or asked the trial court to inquire into the voluntariness of
those statements. He further acknowledged that he represented
Taylor on the charges arising from the theft of the gun, but
that he did not seek a mistrial based on the conflict of
interest in Jones's case. Both trial counsel and the
prosecutor explained that they had since listened to
Taylor's post-arrest interview with the investigator.
They stipulated that the investigator told Taylor he was not
looking to arrest anyone and that he just wanted to retrieve
the gun. Importantly, they also stipulated that there was no
mention in Taylor's statement to police that Jones
purchased the gun from him or the purchase price of the gun.
trial court denied the motion for new trial, finding that
Jones's admission to the investigator that he purchased
the gun was sufficient evidence of his possession of it; that
Jones failed to show that his statement to police was
involuntary such that the trial court would have suppressed
the statement; and that Jones had not shown an actual
conflict of interest on the part of his trial counsel.
Additionally, although the trial court found that
Taylor's statements to police should not have been
admitted because they were hearsay and violated the
Confrontation Clause, it concluded that the admission of this
evidence was harmless. This appeal followed.
his first enumeration of error, Jones argues that the
evidence was insufficient to support his conviction for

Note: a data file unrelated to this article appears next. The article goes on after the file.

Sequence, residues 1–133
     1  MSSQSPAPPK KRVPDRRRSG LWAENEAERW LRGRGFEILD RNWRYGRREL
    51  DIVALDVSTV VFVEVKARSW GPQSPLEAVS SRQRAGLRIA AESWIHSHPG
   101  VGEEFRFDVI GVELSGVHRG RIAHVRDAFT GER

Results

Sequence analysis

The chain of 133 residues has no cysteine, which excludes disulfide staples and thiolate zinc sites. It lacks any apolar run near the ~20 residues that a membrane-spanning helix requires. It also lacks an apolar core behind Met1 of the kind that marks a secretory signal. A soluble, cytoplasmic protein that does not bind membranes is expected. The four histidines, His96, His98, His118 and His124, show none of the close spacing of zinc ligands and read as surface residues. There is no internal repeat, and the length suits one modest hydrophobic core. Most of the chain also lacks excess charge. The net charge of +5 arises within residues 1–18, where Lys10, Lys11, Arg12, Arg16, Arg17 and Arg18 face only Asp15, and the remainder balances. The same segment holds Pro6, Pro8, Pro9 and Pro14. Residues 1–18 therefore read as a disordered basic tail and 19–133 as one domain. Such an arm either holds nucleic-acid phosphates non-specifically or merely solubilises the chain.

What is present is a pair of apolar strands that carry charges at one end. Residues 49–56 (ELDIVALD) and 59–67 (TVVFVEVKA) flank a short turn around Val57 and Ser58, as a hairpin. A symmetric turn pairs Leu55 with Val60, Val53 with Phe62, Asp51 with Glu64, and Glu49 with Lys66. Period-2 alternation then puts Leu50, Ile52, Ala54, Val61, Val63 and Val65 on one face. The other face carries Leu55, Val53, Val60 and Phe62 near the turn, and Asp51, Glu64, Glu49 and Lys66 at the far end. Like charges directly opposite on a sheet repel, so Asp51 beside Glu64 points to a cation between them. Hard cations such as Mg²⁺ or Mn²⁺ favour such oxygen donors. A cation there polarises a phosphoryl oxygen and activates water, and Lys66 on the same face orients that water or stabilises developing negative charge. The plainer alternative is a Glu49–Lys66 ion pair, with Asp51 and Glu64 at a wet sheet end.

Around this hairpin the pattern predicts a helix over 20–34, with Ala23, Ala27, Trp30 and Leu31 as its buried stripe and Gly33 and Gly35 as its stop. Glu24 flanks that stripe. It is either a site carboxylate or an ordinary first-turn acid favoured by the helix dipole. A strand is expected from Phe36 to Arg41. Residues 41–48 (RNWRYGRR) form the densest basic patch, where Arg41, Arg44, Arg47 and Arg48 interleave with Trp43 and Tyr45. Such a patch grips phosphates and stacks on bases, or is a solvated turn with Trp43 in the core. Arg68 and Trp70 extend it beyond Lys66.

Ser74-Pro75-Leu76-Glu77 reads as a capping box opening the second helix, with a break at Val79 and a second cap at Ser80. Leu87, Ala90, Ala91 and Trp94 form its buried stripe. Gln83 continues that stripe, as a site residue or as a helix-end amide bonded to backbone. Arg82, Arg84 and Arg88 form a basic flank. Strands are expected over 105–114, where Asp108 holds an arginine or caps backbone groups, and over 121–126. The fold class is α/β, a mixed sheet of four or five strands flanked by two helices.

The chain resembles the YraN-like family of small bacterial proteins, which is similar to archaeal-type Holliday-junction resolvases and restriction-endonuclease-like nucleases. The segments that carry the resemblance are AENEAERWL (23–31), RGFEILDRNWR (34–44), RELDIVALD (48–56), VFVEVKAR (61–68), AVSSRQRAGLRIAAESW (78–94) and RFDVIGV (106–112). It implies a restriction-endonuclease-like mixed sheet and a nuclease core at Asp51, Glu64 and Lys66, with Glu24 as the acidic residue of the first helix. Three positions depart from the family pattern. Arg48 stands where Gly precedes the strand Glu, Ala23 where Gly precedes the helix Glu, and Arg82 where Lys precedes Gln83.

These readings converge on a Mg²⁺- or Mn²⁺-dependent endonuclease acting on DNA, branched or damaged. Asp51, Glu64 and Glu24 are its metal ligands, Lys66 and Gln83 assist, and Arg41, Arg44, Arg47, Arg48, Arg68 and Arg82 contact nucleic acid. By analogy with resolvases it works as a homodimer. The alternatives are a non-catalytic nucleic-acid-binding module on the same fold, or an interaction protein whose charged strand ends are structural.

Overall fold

possession of a firearm by a convicted felon because there
was no evidence of actual or constructive possession, and his
alleged confession was not corroborated, as required under
OCGA § 24-8-823. We disagree.
When evaluating the sufficiency of evidence, the proper
standard of review is whether a rational trier of fact
could have found the defendant guilty beyond a reasonable
doubt. This Court does not reweigh evidence or resolve
conflicts in testimony; instead, evidence is reviewed in a
light most favorable to the verdict, with deference to the
jury's assessment of the weight and credibility of the
evidence. Moreover, a reviewing court must consider all of
the evidence admitted by the trial court, regardless of
whether that evidence was admitted erroneously.
(Citations and punctuation omitted.) Cunningham v.
State, 304 Ga. 789, 791-792 (1) (822 S.E.2d 281) (2018).
OCGA § 16-11-131 (b), it is unlawful for anyone who has
a prior conviction for a felony to possess a firearm, absent
express permissions that are not relevant here. Jones
challenges only whether the evidence showed that he possessed
The law recognizes two kinds of possession, actual
possession and constructive possession. A person who
knowingly has direct physical control over a thing at a
given time is in actual possession of it. A person who,
though not in actual possession, knowingly has both the
power and the intention at a given time to exercise
dominion or control over a thing is then in constructive
possession of it.
(Citation omitted.) Mask v. State, 309 Ga.App. 761,
763 (2) (711 S.E.2d 348) (2011). Here, it is undisputed that
Jones was not in actual possession of the gun. Therefore, we
consider whether the evidence was ...